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Water SA

On-line version ISSN 1816-7950

Water SA (Online) vol.37 no.1 Pretoria Jan. 2011

 

Determination of persistent cyclic organochlorine residues in sediment slurry by microporous membrane liquid-liquid extraction and gas chromatography-mass spectrometry

 

 

Titus AM Msagati*; Bhekie B Mamba

Department of Chemical Technology, Faculty of Science, University of Johannesburg, PO Box 17011, Doornfontein Campus, 2028, South Africa

 

 


ABSTRACT

A method, using microporous membrane liquid-liquid extraction technique (MMLLE) and gas chromatography with an electron capture detector (GC-ECD) and gas chromatograph coupled to a mass spectrometer, was developed for the analysis of cyclic organochlorine pesticides (OCPs) and polychlorinated biphenyls (PCBs) in sediment slurry. The MMLLE extraction employed isooctane as the organic liquid that was immobilised in the hollow fibre pores and in the lumen, at optimal sample pH value of 2.0 for OCPs and 7 for PCBs. The effect of triton x-100, in enhancing the dissolution of the compounds from sediment, was found to be optimal at a value of 0.15%, while the ionic strength was optimal at a value of 0.01 M. Samples from coastlines along the Indian Ocean in the southern parts of South Africa were found to be contaminated with cis and trans chlordane at concentrations of up to 0.003 mg/kg, while samples from northern parts were contaminated with 2,2',4',4-tetrachloro-1,1'biphenyl at concentrations of up to 0.02 mg/kg.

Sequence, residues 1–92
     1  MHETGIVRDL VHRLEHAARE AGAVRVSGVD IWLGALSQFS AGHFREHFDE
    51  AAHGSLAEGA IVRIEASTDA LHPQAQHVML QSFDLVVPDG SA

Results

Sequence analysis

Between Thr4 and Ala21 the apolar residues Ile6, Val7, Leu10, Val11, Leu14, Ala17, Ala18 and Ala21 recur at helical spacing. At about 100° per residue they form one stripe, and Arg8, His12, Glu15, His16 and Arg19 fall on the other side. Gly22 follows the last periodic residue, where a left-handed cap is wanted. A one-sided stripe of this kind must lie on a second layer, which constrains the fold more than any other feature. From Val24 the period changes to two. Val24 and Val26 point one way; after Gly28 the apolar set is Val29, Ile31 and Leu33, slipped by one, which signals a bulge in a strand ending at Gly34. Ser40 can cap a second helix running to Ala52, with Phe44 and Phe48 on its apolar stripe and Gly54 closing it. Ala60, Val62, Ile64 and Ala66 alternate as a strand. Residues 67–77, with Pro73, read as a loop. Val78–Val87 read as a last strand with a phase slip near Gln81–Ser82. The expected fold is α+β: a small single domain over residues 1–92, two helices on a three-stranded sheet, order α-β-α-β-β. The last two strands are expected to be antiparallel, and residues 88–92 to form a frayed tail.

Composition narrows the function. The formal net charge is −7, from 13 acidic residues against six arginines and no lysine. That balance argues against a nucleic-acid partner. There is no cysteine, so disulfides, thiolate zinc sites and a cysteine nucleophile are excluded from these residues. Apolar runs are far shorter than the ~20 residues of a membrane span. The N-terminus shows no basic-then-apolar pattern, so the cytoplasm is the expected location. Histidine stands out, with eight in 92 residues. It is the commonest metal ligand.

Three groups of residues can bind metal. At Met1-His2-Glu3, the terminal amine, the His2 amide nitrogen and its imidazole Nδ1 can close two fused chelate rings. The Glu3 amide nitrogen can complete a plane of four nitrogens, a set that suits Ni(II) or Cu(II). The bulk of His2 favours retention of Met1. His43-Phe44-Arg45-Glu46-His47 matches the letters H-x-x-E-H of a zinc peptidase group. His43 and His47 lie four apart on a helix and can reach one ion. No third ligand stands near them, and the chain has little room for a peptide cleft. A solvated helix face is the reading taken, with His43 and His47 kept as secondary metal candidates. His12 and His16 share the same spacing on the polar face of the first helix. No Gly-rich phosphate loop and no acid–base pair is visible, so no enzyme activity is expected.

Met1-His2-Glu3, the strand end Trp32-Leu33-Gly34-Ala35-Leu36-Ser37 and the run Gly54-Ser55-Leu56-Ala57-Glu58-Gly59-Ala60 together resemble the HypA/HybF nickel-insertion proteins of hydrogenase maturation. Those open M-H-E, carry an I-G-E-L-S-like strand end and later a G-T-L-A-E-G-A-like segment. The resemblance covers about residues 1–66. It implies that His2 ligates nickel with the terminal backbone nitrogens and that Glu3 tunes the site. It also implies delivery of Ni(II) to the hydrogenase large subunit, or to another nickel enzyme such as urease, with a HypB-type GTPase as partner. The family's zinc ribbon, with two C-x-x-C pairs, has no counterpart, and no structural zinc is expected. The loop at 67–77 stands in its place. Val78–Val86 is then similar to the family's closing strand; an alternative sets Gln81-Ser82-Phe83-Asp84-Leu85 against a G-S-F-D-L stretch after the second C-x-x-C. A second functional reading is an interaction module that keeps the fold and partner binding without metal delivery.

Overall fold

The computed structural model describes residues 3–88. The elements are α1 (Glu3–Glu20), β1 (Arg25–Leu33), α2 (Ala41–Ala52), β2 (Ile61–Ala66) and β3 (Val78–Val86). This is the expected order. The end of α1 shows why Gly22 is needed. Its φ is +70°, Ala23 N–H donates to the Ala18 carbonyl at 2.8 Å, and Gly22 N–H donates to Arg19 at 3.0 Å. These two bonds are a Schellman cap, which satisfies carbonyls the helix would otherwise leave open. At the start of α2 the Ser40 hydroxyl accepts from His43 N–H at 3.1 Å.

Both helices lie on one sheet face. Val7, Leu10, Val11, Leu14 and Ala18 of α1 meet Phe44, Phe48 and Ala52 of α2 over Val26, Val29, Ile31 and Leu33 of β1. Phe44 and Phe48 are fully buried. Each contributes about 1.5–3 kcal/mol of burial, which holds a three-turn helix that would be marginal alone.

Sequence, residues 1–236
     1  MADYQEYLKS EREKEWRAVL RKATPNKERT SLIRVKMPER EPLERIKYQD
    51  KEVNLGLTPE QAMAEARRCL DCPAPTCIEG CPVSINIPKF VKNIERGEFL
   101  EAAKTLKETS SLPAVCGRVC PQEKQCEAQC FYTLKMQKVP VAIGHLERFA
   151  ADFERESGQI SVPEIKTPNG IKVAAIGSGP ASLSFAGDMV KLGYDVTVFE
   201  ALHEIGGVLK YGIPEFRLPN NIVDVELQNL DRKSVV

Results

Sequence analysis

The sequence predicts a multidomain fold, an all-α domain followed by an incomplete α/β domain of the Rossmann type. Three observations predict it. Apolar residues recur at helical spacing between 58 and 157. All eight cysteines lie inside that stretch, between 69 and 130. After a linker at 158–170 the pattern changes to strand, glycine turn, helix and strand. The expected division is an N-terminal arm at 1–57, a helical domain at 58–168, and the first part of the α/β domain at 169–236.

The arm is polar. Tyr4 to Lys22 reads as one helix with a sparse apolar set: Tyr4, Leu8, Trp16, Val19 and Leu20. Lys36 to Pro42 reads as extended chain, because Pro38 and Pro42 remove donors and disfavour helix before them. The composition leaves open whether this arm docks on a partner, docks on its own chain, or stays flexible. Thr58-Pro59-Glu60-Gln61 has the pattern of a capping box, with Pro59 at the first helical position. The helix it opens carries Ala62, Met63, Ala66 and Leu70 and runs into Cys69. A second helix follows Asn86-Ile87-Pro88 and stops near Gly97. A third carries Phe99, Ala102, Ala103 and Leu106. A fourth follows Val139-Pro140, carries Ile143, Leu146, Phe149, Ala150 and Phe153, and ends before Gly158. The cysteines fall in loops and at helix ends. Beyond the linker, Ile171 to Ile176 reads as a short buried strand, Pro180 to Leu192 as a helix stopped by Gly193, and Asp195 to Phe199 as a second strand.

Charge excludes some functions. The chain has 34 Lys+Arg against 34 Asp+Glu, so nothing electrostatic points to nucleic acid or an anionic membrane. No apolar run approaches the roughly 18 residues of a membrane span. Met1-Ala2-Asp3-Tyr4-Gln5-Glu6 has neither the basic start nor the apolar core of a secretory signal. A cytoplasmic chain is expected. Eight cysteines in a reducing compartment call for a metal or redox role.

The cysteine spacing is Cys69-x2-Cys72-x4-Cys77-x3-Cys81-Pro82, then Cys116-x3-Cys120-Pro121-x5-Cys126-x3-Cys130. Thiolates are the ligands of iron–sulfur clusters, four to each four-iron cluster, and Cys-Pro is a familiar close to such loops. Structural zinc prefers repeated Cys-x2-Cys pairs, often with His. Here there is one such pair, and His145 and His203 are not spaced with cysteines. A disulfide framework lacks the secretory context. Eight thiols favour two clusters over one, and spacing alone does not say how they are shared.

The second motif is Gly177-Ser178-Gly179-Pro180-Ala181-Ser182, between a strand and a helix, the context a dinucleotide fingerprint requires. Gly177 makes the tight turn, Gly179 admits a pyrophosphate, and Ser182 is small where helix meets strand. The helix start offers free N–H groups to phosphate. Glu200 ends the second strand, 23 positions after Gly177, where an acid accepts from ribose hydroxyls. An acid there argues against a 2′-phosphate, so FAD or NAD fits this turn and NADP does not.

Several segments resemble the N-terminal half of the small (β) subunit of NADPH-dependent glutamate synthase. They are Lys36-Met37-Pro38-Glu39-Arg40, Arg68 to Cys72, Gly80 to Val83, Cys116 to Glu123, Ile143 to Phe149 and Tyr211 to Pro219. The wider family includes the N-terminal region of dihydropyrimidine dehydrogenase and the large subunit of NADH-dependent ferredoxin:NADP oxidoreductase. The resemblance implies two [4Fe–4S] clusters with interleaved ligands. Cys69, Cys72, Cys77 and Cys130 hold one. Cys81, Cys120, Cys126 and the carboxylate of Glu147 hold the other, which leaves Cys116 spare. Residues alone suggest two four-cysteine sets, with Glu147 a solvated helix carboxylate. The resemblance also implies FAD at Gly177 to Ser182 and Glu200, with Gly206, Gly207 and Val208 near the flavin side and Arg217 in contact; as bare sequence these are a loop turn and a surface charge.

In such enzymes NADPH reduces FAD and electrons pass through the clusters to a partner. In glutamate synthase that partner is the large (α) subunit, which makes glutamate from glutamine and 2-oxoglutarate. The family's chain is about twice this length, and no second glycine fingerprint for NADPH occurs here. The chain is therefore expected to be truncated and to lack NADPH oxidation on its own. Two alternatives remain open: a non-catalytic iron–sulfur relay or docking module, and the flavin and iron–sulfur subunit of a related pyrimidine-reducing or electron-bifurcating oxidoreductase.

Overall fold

Keywords: Organochlorine pesticides, polychlorinated biphenyls, hollow fibre liquid phase micro-extraction, high performance liquid chromatography, mass spectrometry


 

 

Introduction

Persistent organic pollutants, for example, organochlorine pesticides (OCPs) and polychlorinated biphenyls (PCBs), are used worldwide for many purposes, including the control of plant diseases and disease vectors (Sanchez et al., 2006). However, they pose a significant toxicity problem due to their low volatility and slow degradation once exposed to the environment, causing high persistence (Hong et al., 1999; Tanabe et al., 1997). Organochlorine pesticides tend to be persistent in the environment because the presence of chlorine in an organic molecule reduces reactivity towards oxidation, and, being of low solubility in water; they are resistant to hydrolysis (Hong et al., 1999; Tanabe et al., 1997; Safe, 1990).

These persistent organic pollutants have a tendency to concentrate in fatty tissues and bio-accumulate in the food chain due to their high hydrophobicity (Chen et al., 2002). This bio-magnification tendency of OCPs is responsible for their occurrence at higher concentrations in organisms of higher trophic levels in food chains. Polychlorinated biphenyls are also suspected to be carcinogens.

In South Africa, the presence of agrochemical residues in the environment represents a serious and urgent challenge (London, 1992; 1995; Dalvie et al., 1999; Hassett et al., 1987; Grobler, 1994), because of the large diffusion potential of the agrochemical residues in the environment and their particular chemical characteristics and properties which determine their persistence and toxicities in waters and soils. This makes the development of sensitive and selective analytical methods crucial, not only for the detection of the presence of these persistent organic pollutants and their degradation products, but also to study their distribution across the environmental compartments. Importantly, this will enable the establishment of the exact bio-available fraction for each pollutant in a given environment.